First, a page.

Face it, old-timer: Generation Y is already pushing you out the door. Valleywag's here to show you the Bubbleborn, the crowd of upstarts and young bucks overthrowing the Valley. Whether they're inflating or popping the new tech bubble, this is the world they'll shape.
Our first Bubbleborn is a 19-year-old journo student who just landed his first job, at a magazine where he'll publish his investigative series on the MySpace founders. Trent Lapinski is working on a story (due out in June) that compiles and confirms his earlier work examining the MySpace history that the major press isn't telling. As earlier reported, Trent says MySpace was founded by a spam company with shady insider-trading ethics. MySpace already threatened Trent with a defamation lawsuit, but they haven't followed it up with action — because, Trent tells me, they're too vulnerable to risk the press a suit would bring.
"I've already had some major breaks in the story," he says, "and I'm working to follow the money and conducting interviews with anyone I can get to talk. I've had some success and I believe when all is said and done a lot of people are going to have a very different opinion of MySpace."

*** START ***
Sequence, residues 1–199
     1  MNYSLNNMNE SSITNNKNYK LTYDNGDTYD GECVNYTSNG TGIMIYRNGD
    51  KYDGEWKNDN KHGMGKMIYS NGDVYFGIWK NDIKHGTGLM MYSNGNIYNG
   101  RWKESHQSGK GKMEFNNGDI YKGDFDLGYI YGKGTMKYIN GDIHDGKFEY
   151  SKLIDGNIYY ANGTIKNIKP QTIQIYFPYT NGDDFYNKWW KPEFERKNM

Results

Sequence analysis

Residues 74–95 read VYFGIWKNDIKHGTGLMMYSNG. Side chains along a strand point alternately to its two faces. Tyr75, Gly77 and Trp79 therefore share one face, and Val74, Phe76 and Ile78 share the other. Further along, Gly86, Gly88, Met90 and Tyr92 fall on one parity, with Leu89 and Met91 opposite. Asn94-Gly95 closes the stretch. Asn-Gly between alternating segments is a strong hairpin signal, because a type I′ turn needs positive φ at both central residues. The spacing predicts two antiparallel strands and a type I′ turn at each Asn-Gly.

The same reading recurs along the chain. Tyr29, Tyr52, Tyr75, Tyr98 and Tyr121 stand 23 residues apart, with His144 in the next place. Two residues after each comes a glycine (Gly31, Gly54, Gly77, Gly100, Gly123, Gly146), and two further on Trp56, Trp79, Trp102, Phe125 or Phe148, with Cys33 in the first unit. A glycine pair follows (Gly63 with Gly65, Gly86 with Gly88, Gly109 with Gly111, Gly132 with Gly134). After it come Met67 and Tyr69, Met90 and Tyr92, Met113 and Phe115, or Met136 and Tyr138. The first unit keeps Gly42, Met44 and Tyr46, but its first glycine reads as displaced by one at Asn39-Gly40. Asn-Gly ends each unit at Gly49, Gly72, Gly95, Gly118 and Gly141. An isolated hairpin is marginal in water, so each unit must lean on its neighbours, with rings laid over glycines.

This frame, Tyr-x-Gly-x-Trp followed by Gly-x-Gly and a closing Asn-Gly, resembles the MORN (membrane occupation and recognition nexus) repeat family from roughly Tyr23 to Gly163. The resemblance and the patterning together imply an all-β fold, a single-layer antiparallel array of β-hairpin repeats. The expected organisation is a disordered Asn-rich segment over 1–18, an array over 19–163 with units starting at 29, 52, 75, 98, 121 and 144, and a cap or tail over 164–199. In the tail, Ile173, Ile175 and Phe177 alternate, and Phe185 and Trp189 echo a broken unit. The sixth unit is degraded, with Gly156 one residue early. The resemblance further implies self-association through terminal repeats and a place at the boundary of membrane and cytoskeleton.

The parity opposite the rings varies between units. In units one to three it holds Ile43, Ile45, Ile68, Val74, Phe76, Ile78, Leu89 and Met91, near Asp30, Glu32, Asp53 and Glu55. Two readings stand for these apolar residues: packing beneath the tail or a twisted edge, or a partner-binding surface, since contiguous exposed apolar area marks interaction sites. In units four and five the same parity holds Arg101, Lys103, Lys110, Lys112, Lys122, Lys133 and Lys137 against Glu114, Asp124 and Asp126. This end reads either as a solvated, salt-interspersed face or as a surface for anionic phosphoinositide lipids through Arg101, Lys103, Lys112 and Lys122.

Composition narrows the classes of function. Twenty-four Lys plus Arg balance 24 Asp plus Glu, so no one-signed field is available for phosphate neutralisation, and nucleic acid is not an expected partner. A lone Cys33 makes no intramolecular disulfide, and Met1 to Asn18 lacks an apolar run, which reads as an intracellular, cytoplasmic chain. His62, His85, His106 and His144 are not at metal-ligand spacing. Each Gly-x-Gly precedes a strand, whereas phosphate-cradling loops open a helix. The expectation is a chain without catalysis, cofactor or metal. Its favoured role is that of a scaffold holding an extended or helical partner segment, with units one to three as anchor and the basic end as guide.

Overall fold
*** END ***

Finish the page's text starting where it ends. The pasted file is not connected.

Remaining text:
And Trent has a grander vision than clearing the air about just one dot-com. After the jump, he indicts the Old Guard of yellow journalism and PR sycophancy.
I'm just working to restore what journalism was originally all about: bringing the truth to the people and being a watchdog against the government and corporations. Pretty much thanks to the 24 hours news channels, "news" as we know has declined in quality simply because they use emotion to get people to watch instead of actually doing any work in following what is going on... Meanwhile there is a considerable generation gap between today's Internet youth and the TV generation above us... The Internet generation is currently outnumbered, doesn't have much voting power, and has yet to really prove themselves in the business world, which subsequently prevents today's youth from getting positions in the media. But who better to investigate and tell the stories of today than those who grew up in a tech era?
The other considerable problem is PR. I've been running an Apple news website, AppleXnet.com, for 5 years now, and it's given me major insight into the technology world, and it's nothing but a press release machine. There is no news when it comes to technology because everything is a marketing stunt, ploy, or sales technique. I literally once had someone tell me that it is a journalist's duty to rehash PR into something concise, yet without it sounding like PR. Jack Campbell, he's a guy who ran a series of Apple accessories companyies and scams. My site broke several stories about him and his scams which ultimately lead to the company's bankruptcy. In an attempt to get us to stop looking into him, he decided to tell us what we should be doing instead, rehashing PR. It was laughable.
Earlier on Trent's work: Spammers and ex-cons, not Tom, made MySpace, says journalism student [Valleywag]